Wa. I can’t keep up with what question is being answered. This is like Press Conference KBC. Julie unatuangusha joo!

This is now :-(. Julie you have singlehandedly managed to kill off #KEDebate13. Amazing.

Dida asks the public schools question. Julie hijacks it and kills it! Wtf? Oh boy.

My take: Kiyapi didn’t connect with me. Dida made me laugh a lot. Muite has toughness and grasp of the law. Madvd was invisible and colourless.

My take: RAO took quite a beating. UK was eloquent, angry and defensive. PK fence-sat, was mechanical and unappealing. Martha really brought her A-game and shone throughout the debate!

My take: Linus Kaikai has cemented his stature as great moderator. Julie Gichuru has gotten terribly exposed on big stage.

Admit I was skeptical of #KEDebate13. Now methinks it’s a step in right direction. A seed planted for Kenya’s future.

Talked to various Kenyans after debate. Debate was a hit. Yes, some tribal mindsets are constant but a shift may just have started.

Hats off to the production team that was behind the #KEDebate13. Almost 4hrs of live going flawless is big. Kudos.

Hats off to Kenyan media for organizing the debate.

End of my two-cents.

So what did YOU think of the debate? Who do YOU reckon won it? Did it change YOUR mind?

GOD BLESS KENYA!


Word on the street…

(Guys in a house watching football, listening to music, having a beer and basically chilling.)

Guy A: Who will you vote for?

Guy B: (Proudly) Peter Kenneth. My conscience cannot let me vote for these other fools.

Guy A: Okay. After you and your conscience have wasted your vote and forced Kenya into an expensive run-off who will you vote for?

Guy B: Wa! Between worse and worst I guess I will pick worse so I will reluctantly vote Cord. I do not want to live under sanctions. Just look at Zimbabwe or Sudan.

Guy C: I was also going to vote for Martha or Peter Kenneth but after the alliances formed I realized it will be a close two-horse race. So I changed my mind! I am not going to waste my vote. I will vote for Cord. Not that Cord are that great.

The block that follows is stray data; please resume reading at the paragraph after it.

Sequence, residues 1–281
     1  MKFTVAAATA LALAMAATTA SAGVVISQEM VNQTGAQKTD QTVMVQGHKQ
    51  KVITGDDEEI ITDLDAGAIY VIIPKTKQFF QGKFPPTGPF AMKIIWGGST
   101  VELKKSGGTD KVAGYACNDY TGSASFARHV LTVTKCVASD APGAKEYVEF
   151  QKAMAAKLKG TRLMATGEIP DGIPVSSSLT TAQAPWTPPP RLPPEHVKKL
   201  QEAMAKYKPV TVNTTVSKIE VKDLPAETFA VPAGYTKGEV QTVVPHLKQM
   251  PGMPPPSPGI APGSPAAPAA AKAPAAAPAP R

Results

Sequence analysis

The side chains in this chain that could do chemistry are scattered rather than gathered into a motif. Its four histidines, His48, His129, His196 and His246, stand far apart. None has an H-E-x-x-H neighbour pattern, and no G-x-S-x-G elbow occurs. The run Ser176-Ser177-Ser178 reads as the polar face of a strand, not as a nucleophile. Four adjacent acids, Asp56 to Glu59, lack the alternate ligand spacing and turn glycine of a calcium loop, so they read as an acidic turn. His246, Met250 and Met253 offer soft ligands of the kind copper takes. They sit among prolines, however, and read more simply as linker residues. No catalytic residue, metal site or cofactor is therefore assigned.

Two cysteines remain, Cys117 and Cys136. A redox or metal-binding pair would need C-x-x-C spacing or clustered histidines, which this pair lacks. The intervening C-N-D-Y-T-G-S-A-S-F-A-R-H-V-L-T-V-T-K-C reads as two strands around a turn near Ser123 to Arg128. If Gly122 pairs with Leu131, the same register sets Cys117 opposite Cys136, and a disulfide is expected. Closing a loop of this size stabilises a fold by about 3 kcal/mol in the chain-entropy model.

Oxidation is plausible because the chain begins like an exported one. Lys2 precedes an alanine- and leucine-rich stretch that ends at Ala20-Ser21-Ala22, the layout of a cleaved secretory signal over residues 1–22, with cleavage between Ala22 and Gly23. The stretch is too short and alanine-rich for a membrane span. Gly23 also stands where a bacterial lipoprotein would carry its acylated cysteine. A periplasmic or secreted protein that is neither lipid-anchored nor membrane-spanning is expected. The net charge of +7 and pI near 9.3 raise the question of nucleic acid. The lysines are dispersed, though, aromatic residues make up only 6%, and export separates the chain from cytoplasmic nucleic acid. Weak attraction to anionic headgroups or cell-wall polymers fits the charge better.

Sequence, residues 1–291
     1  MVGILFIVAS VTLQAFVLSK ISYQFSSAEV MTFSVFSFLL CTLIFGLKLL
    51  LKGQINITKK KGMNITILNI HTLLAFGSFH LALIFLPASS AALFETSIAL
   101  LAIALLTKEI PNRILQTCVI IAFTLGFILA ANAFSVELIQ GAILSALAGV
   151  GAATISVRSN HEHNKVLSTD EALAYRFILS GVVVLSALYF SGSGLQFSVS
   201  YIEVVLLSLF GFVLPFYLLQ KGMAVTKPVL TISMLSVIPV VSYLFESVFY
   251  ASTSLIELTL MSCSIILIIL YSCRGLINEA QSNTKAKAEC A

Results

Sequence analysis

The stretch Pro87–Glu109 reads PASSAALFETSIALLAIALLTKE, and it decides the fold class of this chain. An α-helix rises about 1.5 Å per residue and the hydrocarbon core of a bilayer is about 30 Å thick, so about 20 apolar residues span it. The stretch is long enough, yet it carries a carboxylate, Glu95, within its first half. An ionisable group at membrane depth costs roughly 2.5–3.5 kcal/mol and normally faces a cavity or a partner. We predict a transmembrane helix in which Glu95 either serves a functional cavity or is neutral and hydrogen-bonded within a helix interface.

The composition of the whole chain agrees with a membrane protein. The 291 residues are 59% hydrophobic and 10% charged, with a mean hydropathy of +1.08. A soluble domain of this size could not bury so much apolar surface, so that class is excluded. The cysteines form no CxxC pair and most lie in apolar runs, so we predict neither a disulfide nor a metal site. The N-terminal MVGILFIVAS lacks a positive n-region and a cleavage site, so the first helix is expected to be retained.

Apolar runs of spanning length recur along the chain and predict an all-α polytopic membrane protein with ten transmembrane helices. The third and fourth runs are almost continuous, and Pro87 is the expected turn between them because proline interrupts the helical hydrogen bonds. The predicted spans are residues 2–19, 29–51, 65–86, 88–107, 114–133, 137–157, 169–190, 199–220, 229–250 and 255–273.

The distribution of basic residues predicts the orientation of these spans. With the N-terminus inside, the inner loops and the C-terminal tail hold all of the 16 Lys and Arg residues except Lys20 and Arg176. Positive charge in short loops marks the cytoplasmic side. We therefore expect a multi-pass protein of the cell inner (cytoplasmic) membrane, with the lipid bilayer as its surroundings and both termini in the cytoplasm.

Guy D: I will vote for Jubilee. Kenya and Kenyans do not need half-shocks like PEV 2007/8. Kenya needs major shock to happen so that it can rebuild once and for all. These half-measures mean Kenya never grows. Look at Rwanda? It totally broke apart then now it is doing well. Let us break apart totally and then rebuild. Also I can’t vote for Raila after his 41 tribes versus 1 tribe mantra in the last elections.

Guy C: So it is basically about tribe?

Guy D: Off course it is about tribe! This is Kenya. How would you feel if your community is targeted and singled out through no fault of your own? Even you are in Cord because your guy got running mate.

Guy B: See? This is why I am voting Peter Kenneth. To end this tribalism nonsense.

Guy C: To bad Kenneth has no chance in hell of winning. So you are wasting your vote. And these wasted votes will force us into a run-off. Do you think Kenya is politically mature enough and rich enough to go through a run-off? Or will a close election result in chaos?

Guy A: And to be honest, Kenneth appears to me to be an Obama in 2008. He looks good, can be branded well and he can speak well. But when push comes to shove he is short on concrete and long on fluff.

Guy D: So you who will you vote for?

Guy A: No one! I do not have a voter’s card. And looking at the options available and after listening to all your reasons for voting, I can’t say I am missing out on anything. Whoever wins it seems we are screwed and the question the election is settling is just how screwed we are!

Ends…

The above conversation played out in my presence over the holidays.

The guys chatting are all young, urbane and educated with exposure to internet, media and world affairs.

It is amazing that all these attributes seem to have had no impact on their decision on who to vote for. No one mentioned issues or track record. It basically comes down to tribe and political history of aspirant.